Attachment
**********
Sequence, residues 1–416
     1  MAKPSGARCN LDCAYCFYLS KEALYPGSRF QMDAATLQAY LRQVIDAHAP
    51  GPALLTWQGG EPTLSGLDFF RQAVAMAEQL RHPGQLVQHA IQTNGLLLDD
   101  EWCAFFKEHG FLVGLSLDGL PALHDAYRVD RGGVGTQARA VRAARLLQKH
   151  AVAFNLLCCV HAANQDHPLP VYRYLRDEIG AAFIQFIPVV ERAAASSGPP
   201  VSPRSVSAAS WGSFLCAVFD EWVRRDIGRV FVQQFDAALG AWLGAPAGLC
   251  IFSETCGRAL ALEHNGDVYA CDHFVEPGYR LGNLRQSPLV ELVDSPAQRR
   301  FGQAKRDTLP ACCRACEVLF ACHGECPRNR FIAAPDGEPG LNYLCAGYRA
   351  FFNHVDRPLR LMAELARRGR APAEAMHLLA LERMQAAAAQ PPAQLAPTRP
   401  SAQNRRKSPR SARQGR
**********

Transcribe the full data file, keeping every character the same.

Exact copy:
Sequence, residues 1–416
     1  MAKPSGARCN LDCAYCFYLS KEALYPGSRF QMDAATLQAY LRQVIDAHAP
    51  GPALLTWQGG EPTLSGLDFF RQAVAMAEQL RHPGQLVQHA IQTNGLLLDD
   101  EWCAFFKEHG FLVGLSLDGL PALHDAYRVD RGGVGTQARA VRAARLLQKH
   151  AVAFNLLCCV HAANQDHPLP VYRYLRDEIG AAFIQFIPVV ERAAASSGPP
   201  VSPRSVSAAS WGSFLCAVFD EWVRRDIGRV FVQQFDAALG AWLGAPAGLC
   251  IFSETCGRAL ALEHNGDVYA CDHFVEPGYR LGNLRQSPLV ELVDSPAQRR
   301  FGQAKRDTLP ACCRACEVLF ACHGECPRNR FIAAPDGEPG LNYLCAGYRA
   351  FFNHVDRPLR LMAELARRGR APAEAMHLLA LERMQAAAAQ PPAQLAPTRP
   401  SAQNRRKSPR SARQGR